A large review compared the effectiveness of methods to quit smoking, with three emerging as clear winners for helping people kick the habit.

The medications varenicline and cytisine, as well as nicotine e-cigarettes proved to be the most successful among the interventions reviewed by a UK team.

A total of 157,179 smokers were included in the analysis of 319 randomized controlled trials (RCTs), that tracked success in quitting for at least six months.

"The best thing someone who smokes can do for their health is to quit smoking," says public health scientist Jamie Hartmann-Boyce, at the time from the University of Oxford.

"Smoking remains the leading cause of preventable disease and death worldwide, and though many people want to quit smoking, it can be hard to do so."

The main addictive ingredient, nicotine, is one of the most widely used substances and the third most addictive, exerting a powerful grip on brains. The data showed that without assistance, only about 6 in 100 people have a chance of successfully quitting.

Varenicline and cytisine work by activating brain nicotinic receptors – which release dopamine when activated by nicotine – and preventing nicotine from activating them.

There was no significant difference in the effectiveness of cytisine (brand name Tabex) and varenicline (brand names Chantix and Champix), and nicotine e-cigarettes. According to the findings, about 14 percent of smokers who try to quit with the help of these methods will be successful for six months or longer.

The next most effective strategy was to combine two kinds of nicotine replacement therapy (NRT), such as nicotine patches and gum or lozenges.

"However, using a single form of NRT, like the patch or gum alone, resulted in fewer additional quitters," says University of Oxford medical scientist Nicola Lindson.

"Around 12 in 100 people using two forms of NRT together will quit successfully, compared to around 9 in 100 people using only one type."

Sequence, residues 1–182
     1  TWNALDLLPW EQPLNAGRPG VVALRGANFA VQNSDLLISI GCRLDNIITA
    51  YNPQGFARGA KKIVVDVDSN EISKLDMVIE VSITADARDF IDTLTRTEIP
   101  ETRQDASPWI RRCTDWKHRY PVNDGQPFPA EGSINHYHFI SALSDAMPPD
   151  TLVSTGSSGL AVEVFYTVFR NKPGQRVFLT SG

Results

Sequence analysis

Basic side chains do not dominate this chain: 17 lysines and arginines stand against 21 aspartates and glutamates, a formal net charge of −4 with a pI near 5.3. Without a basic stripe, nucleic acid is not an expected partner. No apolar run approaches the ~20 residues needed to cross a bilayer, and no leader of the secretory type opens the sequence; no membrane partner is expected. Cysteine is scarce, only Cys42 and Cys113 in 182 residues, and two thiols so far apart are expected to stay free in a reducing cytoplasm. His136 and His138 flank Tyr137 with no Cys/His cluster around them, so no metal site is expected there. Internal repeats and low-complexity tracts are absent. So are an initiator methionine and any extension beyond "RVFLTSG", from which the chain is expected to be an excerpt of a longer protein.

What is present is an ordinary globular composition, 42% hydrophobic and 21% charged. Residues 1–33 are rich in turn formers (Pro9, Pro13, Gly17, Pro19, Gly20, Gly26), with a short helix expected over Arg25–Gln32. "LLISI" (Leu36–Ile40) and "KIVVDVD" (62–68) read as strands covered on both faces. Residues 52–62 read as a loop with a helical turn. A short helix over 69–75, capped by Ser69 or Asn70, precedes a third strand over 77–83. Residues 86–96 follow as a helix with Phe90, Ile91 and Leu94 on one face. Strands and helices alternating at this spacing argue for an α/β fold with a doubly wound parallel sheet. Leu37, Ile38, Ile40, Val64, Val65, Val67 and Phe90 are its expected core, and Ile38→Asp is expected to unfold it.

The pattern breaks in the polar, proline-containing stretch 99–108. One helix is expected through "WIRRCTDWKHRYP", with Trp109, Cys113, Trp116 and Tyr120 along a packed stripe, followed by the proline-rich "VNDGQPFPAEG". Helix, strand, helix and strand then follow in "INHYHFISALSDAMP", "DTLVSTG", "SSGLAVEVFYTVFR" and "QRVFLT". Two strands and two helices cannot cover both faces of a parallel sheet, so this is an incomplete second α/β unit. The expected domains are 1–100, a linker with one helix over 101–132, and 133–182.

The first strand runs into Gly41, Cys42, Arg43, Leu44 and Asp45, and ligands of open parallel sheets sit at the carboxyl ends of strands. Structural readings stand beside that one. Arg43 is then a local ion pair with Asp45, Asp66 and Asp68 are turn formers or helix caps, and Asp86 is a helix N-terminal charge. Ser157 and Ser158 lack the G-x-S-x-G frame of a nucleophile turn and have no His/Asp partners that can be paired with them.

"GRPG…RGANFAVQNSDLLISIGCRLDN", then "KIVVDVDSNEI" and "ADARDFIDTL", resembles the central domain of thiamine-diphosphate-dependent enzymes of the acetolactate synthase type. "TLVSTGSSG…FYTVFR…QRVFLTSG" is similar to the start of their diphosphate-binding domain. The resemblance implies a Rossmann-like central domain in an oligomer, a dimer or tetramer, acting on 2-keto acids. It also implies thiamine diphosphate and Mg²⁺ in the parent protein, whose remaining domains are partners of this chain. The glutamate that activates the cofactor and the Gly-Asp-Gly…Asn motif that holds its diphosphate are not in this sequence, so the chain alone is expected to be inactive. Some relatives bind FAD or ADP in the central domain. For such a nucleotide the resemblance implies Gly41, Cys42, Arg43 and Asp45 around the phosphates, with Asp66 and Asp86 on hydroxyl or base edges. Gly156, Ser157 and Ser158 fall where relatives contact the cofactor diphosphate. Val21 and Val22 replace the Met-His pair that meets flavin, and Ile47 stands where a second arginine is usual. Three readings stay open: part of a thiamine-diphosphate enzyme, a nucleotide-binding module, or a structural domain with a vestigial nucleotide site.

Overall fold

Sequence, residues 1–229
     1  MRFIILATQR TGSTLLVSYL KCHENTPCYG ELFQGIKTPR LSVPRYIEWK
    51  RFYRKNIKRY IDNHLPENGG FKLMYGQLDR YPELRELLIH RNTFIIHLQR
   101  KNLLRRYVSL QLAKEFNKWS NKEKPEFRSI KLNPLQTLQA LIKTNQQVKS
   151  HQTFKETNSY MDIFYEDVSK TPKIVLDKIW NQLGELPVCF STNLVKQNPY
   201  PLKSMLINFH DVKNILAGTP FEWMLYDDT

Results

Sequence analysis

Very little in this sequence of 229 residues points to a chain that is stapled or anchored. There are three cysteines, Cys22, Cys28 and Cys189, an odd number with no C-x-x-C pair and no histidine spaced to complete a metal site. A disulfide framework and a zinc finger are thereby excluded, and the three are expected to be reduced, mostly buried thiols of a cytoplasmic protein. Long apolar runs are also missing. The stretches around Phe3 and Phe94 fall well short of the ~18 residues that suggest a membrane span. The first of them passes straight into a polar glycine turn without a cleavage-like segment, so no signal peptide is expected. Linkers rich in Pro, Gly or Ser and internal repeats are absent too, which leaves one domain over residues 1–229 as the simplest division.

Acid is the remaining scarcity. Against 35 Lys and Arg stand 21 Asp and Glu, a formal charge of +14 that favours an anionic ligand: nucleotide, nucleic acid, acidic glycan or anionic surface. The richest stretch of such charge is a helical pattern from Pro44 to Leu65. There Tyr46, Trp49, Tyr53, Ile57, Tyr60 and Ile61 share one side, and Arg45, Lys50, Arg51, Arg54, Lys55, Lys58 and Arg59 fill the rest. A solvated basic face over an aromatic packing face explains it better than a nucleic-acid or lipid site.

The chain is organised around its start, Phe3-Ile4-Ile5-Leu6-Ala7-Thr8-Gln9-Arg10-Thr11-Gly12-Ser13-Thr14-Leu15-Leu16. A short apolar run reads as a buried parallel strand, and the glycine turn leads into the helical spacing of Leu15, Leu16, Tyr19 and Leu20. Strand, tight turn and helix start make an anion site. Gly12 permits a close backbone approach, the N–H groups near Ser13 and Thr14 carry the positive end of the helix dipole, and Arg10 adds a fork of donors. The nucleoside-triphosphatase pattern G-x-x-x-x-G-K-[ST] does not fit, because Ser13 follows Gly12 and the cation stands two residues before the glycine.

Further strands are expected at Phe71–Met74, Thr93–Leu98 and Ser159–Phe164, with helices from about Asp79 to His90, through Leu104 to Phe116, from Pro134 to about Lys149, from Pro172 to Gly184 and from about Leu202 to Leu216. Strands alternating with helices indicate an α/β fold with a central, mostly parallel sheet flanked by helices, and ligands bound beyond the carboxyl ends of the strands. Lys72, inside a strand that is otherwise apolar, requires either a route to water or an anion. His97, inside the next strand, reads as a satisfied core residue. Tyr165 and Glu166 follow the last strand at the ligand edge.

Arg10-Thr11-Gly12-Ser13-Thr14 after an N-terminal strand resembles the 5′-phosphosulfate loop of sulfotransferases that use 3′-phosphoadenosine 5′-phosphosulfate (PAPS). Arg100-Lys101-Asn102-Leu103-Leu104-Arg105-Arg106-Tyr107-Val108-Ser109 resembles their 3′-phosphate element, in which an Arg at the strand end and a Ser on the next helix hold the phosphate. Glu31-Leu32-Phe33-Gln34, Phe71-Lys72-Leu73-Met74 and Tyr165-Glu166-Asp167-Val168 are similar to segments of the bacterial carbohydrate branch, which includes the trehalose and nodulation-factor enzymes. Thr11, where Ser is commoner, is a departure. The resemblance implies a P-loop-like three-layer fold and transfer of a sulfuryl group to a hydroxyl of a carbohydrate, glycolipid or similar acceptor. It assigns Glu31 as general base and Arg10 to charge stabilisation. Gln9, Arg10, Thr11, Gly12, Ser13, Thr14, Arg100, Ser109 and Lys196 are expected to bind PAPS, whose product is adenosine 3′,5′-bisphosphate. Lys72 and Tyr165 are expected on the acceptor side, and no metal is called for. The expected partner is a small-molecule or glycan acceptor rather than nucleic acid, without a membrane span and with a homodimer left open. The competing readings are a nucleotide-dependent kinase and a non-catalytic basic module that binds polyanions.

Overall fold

Gradually reducing nicotine may be slightly more effective than quitting abruptly, the data showed. Whether someone starts nicotine treatment before or after quitting, and the dose taken, doesn't seem to affect efficacy.

Another medication called bupropion (brand name Wellbutrin), showed effectiveness in 9 percent of quitters.

The data on safety found that bupropion might have a very small increase in serious adverse events compared to not using any medication. In general, the treatments studied were safe, with few severe side effects, though the authors note that not all the RCTs included data on side effects.

"Pooling together all of the available trials comparing smoking cessation medications with control interventions is a really important way in which we can assess what works to help people quit smoking," says social scientist Caitlin Notley from the UK University of East Anglia, in an expert reaction.

"This network meta-analysis shows that e-cigarettes, varenicline and cytisine are all effective smoking cessation aids. Twice as many people managed to quit smoking using one of these aids compared to control conditions."

The authors don't think more evidence will change the clear results, though more data in terms of side effects and the best combinations of medications and behavioral support, would be helpful.

Like the majority of research, most studies were conducted in countries with higher incomes, so evidence from lower-income countries is scarce. The team hopes future studies will look at how socioeconomic status affects quitting smoking.

"It is very difficult to quit. There are several products available to help with this, but the relative effectiveness of these methods has long been uncertain," Lindson says.

"Our research dives deep into the world of smoking cessation… providing people who smoke, healthcare professionals and policymakers with reliable data to make informed decisions."

The study has been published in the Cochrane Database of Systematic Reviews.